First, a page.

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coverpic flag Norway - Full Moon 206 - 06/23/13

Jaga Jazzist
Live With Britten Sinfonia
Ninja Tune

Yes, yes, we know what you're thinking. It's a live album, and when are those ever very exciting? But just remember that they really can be, and trust us when we say that this one really, truly is. Like a modern day Live At Leeds (by The Who, ed.'s note), like the benevolent, neon twin of Live Evil (by Miles Davies, also a live album by Black Sabbath, ed.'s second note) (and also a live album by Dead Moon, second ed.'s first note), Jaga Jazzist's wondrous new record is just that; a brilliant album on its own terms. It's a psychedelic Bond soundtrack twisting and turning from the stage, propelling the listener forward on an epic emotional voyage. At times it seems to explode from the speakers in pure, exuberant colour, making you wonder if you've recently developed synesthesia. It moves with unrestrained ease from quiet reflection to cinematic , widescreen thunder, from Sound of Music pastoral joy to pulsing jazz chase sequences... and it makes you wonder why more of the music you hear isn't quite so completely affecting.

These are not my words. They're taken from Jaga Jazzist's home page. I cannot say I fully agree, but Jaga live is really something. One of my greatest live memories of the present century was Jaga live about three years ago in the wake of the previous album One-Armed Bandit. If ever there was a musical firework, this was it! Some disciplined, yet wild organic amalgam. I've seldom felt so exhausted, satisfied and happy after a gig. Jaga means jazz, electronica, rock, trip-hop, pop, whatever you may wish, with jazz as the main ingredient. Some of the band members are top-notch Norwegian jazz musicians. On the new album they've teamed up with the top-notch English classical orchestra, conducted by Christian Eggen, renowned as a top-notch musician, composer and conductor in classical circuits of Norway and beyond. Live includes eight tracks recorded at the Barbican in London and Rockefeller in Oslo last year. Four of them are taken from the aforementioned One-Armed Bandit, three from older albums and one is brand new.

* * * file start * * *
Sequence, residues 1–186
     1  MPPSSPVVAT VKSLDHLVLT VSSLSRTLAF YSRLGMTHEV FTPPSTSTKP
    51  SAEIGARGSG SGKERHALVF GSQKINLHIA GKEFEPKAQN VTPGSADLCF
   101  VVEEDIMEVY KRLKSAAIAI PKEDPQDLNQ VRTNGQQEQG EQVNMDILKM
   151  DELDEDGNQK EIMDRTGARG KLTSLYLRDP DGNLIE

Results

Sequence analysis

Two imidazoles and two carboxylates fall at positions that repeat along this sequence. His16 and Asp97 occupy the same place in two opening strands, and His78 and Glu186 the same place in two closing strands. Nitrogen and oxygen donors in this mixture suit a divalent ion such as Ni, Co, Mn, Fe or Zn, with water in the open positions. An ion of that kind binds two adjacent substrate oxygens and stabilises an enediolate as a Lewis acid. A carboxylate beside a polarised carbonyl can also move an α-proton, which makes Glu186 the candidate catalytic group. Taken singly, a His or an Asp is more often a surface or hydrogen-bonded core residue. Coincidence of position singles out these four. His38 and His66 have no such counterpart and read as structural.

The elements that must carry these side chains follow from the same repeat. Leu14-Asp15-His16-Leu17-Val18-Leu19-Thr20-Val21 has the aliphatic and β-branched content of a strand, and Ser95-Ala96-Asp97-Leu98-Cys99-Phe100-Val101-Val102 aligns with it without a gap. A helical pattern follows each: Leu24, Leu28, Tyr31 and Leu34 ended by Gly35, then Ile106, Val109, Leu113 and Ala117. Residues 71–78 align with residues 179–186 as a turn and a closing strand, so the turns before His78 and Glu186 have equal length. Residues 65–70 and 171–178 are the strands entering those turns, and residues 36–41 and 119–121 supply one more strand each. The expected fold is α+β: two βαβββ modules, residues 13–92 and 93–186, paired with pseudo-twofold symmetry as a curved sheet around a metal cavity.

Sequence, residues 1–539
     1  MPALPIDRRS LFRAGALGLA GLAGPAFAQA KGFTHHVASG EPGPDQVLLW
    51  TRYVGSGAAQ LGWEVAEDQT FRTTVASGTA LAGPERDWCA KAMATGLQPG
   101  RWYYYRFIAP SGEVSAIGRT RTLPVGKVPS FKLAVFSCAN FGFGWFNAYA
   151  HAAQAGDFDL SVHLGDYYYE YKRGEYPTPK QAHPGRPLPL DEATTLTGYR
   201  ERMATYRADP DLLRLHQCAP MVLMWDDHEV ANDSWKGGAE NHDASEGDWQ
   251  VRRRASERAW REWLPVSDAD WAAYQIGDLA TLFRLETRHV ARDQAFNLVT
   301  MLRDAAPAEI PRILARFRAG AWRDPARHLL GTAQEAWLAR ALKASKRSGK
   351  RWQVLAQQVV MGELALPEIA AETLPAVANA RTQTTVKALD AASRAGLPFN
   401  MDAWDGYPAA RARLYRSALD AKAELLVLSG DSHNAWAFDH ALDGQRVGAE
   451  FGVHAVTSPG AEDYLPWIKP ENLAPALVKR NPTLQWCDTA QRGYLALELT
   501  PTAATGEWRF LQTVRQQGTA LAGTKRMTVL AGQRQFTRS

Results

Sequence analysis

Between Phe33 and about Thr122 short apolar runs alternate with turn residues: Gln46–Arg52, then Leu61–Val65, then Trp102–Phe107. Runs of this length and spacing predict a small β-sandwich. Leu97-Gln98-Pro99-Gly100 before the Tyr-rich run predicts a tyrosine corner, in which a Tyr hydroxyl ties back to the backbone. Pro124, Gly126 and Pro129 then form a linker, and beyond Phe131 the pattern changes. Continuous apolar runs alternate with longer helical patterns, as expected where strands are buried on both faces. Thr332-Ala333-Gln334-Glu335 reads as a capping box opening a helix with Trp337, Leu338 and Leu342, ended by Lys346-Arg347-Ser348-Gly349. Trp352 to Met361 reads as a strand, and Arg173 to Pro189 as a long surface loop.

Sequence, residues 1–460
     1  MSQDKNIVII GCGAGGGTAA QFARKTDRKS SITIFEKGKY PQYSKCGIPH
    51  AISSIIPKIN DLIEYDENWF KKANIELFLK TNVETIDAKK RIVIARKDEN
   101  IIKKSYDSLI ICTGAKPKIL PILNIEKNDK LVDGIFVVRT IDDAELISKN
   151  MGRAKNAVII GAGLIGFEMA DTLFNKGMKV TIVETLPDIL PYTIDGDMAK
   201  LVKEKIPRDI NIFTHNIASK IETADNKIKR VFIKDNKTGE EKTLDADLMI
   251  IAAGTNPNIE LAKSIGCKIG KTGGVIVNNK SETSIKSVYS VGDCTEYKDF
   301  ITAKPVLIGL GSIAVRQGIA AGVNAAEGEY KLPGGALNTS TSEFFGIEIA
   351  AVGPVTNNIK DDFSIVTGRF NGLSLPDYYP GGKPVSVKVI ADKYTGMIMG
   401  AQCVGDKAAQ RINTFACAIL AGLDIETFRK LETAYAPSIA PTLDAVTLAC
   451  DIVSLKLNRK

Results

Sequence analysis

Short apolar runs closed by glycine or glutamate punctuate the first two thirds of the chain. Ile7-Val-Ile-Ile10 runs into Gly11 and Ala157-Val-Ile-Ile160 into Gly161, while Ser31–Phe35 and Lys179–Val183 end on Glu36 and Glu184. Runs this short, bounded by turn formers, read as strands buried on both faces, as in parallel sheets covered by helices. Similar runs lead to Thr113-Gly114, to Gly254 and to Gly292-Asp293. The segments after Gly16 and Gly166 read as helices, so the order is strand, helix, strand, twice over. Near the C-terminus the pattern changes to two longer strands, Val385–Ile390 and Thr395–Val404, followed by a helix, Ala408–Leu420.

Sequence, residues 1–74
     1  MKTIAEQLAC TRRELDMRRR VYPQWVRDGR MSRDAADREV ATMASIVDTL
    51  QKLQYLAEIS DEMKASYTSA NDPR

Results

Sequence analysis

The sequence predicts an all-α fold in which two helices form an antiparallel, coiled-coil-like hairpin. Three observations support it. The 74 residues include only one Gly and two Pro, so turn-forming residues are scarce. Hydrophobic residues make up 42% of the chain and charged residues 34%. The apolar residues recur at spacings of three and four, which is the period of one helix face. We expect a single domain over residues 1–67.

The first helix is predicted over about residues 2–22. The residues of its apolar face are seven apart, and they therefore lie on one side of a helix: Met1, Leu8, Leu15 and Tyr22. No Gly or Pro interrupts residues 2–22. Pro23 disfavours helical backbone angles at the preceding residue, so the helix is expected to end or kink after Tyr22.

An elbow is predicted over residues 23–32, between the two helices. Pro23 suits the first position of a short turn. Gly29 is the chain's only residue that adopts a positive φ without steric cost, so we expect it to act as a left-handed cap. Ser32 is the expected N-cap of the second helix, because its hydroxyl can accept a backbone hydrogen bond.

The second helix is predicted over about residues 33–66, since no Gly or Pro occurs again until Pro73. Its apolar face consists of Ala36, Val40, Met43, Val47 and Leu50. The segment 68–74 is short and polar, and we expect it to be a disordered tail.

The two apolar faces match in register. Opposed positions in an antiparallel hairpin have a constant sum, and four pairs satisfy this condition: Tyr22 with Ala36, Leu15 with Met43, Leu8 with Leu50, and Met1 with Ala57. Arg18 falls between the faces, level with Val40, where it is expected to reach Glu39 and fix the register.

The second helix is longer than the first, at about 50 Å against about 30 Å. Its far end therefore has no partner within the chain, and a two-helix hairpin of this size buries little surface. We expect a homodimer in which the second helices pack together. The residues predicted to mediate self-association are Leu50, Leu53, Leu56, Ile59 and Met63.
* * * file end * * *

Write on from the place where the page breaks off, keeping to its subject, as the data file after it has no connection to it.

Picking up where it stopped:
The collaboration with the 30 plus strong men and women of the Britten Sinfonia means a more disciplined and restrained Jaga Jazzist than we're used to, and it brings forward new aspects of the compositions. Quite the opposite of the Jaga horn's collaboration with Motorpsycho more than ten years ago. It doesn't always sound sound better than Jaga on their own, but definitely different - and interesting. A couple of the ... eh, compositions, "One-Armed Bandit" and "Bananfluer Overalt" (Banana Flies All Over The Place), have special written intros played by the orchestra on its own. There are tendencies here that either it's the orchestra playing or the band. When they all contribute together it seems to work best in my opinion. "Kitty Wu" is one great example, bringing forward new textures compared to the original studio recording off The Stix. The relatively quiet "For All You Happy People" and the less so "Oslo Skyline", both off What We Must are others. Only a two minute solo of "Bananfluer Overalt" after the orchestra intro doesn't work well to these ears; too much slack and jazzy improvised trumpet-jerking for my liking... My favorite of the album is "Toccata" where the Sinfonia play a minimalistic, a bit Philip Glass-alike, sequence that evolves, develops and grows to majestic proportions, giving the Jaga soloists some, but not too much, freedom to improvise in between. The new track "Prungen" also works well with a minimalistic-sounding middle part where the interplay between band and orchestra is exemplary. The first and last part, though, seem to belong completely to the band.

Live is only the second Jaga album since 2005. I would have prefered a double live album that also documented what the band is capable of on their own, much like the concert mentioned above. But of course, one new single disc Jaga album is a lot better than none!

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You may also want to check out our Jaga Jazzist articles/reviews: One-Armed Bandit, Starfire.

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